Concordia teams up with Savoir media to bring expert knowledge to the public
Is eating organic food actually good for the environment? Do we really need eight hours of sleep per night? These are just two of many questions being answered by a new video series called Le croyez-vous? created by Savoir media in collaboration with Concordia researchers.
The short clips, roughly three minutes in length, explore popular myths in modern-day society presented by experts in a variety of fields.
Jean-Philippe Warren, Concordia University Research Chair for the Study of Quebec and professor of sociology and anthropology in the Faculty of Arts and Science, came up with the idea for the series and the partnership.
Warren’s fascination with popular myths, in particular those related to Quebec, stems from his belief that we live in a knowledge-based society that doesn’t always behave accordingly.
“Fake, false and fabricated opinions are everywhere,” Warren says. He’s proud of Concordia’s community for challenging supposedly everyday beliefs that people often assume to be true, when in reality they’re frequently false.
“My intention was to bring these two dimensions together and help bridge the gap between Quebec society and the scholarly community,” he explains.
Food for thought
Warren wanted Concordia researchers to shed light on topics and questions that might seem banal but actually have much to reveal about our relationship to knowledge.
One commonplace myth he points out is the belief that eating carrots strengthen our vision.
“That is not true,” Warren says. “But realizing that it is not true, when you’ve always believed the opposite, brings you to question how you come to adopt certain ideas.”
Warren sees a need, particularly in the internet era, to be far more reflective in our daily lives.
“We don’t always realize how important it is to rely on hard facts and evidence-based conclusions to organize our thoughts,” he notes.
“While eating carrots won’t kill you, obviously, other false opinions may have very harmful consequences for an individual or the whole of society.”
Knowing how to know
In order to reach a bigger audience with these insights, Warren needed a broader platform, namely television and the internet.
Looking for a fun, young media outlet with a widespread reach, Warren took the project to Savoir media, whose mission is to transmit knowledge and inspire the public to learn. The platform was reincarnated from Canal Savoir in 2019.
“Savoir media programs have a really big impact. They communicate their message to hundreds of thousands of people. I’ve never talked to a class that size before,” Warren adds.
Savoir media’s executive director, Nadine Dufour, says her company has had the wind in its sails since its inception. It reached close to 1.5 million television viewers over a two-month period and close to 140,000 online visitors during the web platform’s first six months of operation.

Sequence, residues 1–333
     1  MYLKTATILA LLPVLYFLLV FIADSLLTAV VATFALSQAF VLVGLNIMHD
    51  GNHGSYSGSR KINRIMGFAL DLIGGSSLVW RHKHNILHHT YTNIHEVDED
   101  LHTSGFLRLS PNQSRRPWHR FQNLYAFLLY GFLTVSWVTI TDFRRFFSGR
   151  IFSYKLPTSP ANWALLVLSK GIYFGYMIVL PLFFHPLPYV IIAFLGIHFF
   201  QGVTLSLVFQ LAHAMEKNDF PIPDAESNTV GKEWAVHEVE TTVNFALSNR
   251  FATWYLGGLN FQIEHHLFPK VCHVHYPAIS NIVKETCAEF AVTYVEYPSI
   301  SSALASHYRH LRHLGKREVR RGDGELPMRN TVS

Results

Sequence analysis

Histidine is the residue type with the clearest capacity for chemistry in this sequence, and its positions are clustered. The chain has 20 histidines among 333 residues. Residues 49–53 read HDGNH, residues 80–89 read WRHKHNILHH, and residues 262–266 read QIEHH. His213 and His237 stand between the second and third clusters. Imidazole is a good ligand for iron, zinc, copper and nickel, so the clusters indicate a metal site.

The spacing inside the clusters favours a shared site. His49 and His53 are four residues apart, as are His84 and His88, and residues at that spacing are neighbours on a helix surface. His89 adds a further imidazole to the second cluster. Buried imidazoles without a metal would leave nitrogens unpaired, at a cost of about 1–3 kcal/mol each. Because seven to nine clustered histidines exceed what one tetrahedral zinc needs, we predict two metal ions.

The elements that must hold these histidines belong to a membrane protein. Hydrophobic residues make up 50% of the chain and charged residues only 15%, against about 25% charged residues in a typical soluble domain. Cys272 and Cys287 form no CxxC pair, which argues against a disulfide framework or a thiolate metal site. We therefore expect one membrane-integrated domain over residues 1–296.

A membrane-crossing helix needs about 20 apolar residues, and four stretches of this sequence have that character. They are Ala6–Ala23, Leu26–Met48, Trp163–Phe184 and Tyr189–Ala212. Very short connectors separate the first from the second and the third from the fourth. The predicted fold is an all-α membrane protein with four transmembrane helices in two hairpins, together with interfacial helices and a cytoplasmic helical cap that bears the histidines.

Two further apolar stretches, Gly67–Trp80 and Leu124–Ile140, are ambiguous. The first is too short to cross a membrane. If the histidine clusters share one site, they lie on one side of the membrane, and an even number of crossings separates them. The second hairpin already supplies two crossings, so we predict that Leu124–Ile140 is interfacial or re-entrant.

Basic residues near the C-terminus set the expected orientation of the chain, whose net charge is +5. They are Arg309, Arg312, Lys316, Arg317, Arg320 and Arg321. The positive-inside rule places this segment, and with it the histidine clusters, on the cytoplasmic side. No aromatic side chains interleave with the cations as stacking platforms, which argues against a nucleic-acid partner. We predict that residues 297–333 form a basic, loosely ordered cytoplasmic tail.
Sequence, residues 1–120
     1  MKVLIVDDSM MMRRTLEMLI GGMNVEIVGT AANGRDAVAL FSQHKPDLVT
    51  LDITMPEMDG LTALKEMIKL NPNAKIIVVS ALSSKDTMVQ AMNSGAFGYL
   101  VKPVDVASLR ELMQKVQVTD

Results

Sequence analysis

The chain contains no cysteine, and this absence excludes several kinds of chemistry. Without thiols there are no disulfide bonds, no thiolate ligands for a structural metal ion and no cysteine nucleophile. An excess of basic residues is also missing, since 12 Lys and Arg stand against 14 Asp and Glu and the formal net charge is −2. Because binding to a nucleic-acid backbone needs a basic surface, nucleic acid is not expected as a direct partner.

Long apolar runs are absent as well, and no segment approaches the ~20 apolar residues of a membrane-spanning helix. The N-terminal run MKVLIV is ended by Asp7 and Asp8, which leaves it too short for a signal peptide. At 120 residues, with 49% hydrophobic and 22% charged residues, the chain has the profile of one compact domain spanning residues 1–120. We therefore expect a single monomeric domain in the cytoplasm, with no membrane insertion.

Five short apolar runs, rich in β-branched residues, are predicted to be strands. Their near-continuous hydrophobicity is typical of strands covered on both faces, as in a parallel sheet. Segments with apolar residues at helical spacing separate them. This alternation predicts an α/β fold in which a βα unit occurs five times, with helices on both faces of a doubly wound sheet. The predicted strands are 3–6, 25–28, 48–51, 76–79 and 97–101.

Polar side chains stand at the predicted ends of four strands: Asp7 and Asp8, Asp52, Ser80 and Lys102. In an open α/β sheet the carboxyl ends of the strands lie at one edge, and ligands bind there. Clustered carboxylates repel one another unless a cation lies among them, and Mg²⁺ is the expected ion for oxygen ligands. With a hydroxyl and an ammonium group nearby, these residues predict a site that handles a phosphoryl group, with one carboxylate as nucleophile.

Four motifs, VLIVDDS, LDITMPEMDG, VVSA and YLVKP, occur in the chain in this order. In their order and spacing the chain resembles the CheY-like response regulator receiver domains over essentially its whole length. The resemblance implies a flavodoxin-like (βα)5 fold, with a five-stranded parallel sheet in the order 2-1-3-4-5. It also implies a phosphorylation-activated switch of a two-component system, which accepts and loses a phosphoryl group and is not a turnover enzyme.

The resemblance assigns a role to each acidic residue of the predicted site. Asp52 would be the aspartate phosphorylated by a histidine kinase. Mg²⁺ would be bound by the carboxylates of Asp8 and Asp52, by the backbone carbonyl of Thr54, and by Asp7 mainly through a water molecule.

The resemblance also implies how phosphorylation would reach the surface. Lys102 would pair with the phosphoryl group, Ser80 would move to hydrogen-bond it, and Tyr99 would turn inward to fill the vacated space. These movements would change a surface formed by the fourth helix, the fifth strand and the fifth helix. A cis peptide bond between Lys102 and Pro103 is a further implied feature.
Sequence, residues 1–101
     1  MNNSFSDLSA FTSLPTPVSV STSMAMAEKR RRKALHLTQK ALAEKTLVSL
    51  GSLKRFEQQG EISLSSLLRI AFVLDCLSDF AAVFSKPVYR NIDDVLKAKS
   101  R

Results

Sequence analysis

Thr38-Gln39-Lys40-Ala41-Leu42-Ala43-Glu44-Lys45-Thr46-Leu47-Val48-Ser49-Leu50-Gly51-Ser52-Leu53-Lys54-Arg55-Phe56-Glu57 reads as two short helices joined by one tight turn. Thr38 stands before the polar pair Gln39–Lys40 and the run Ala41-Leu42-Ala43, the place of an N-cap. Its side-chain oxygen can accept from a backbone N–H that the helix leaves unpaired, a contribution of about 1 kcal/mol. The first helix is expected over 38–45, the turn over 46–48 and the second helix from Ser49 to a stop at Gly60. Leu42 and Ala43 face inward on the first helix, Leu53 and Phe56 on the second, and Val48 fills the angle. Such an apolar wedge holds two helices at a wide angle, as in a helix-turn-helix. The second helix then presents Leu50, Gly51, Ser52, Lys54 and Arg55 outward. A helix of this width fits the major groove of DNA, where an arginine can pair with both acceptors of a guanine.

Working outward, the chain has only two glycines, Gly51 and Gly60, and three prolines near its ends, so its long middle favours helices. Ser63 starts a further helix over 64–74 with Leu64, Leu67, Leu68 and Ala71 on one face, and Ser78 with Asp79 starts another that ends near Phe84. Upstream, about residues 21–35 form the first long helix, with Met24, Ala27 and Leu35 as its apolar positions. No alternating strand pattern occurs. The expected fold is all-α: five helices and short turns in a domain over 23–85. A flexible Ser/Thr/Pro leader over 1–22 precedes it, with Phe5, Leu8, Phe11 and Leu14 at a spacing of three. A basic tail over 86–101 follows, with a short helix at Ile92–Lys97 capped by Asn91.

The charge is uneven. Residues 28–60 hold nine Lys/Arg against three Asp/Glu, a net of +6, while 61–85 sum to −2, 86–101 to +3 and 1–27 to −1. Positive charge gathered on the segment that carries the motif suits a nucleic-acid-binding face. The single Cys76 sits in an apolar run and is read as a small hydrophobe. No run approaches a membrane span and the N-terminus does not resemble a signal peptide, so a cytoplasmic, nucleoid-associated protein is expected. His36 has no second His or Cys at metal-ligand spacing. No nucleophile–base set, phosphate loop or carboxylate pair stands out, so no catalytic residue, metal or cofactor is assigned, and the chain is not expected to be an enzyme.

“Our online platform and TV channel offer free access to quality original productions whose content is researched, credible and validated by renowned experts in Quebec, responding to questions from Quebec citizens,” Dufour explains.
“Much like the phoenix rising from its ashes, Savoir media is what resulted from the former Canal Savoir’s digital transformation.”
The new platform’s growing popularity might be due to its ad-free programming and possibly also to their varied approach to transmitting knowledge. These methods include documentary, features and short video series, among others. They are available online and on TV and are produced in formats as short as two and a half minutes or as long as an hour, depending on what best suits the content.
However, what Dufour believes makes the company strong is its network of partners.
“The co-production with the Concordia team allowed us to take advantage of the expertise of hand-picked professors,” she says.
Being able to use the university’s facilities also allowed the production to invest more toward the videos’ visuals, which Dufour says is key to attracting viewers. She is convinced that the subject matter, the short format and the visual appeal will make the video series a hit, especially on social media.
“And as for the theme, in an era when disinformation is wreaking havoc, it seemed fitting to use popular myths in order to set the record straight and provide substantiated information.”
The video collaboration is being produced on the Sir George Williams Campus and wrapping up shortly. The participating faculty members are passionate about their areas of research and expertise and excited to share it with a larger audience.
The series explores broad and diverse topics, from assumptions surrounding ethical consumerism to myths about nutrition, feminism and immigration.
One video capsule looks at whether Quebec is more racist than the rest of Canada. Another examines whether religion still has an impact on politics.
Warren points out one inquiry based on research by Danielle Gauvreau, professor and chair of the Department of Sociology and Anthropology, on Quebec’s baby boom.
“She discovered that the Quebec birthrate went down during that time,” Warren says. “So, Quebecers had a baby boom without having more babies! That’s interesting.”
Find out more about the new video series Le croyez-vous?, a partnership between Concordia researchers and Savoir media.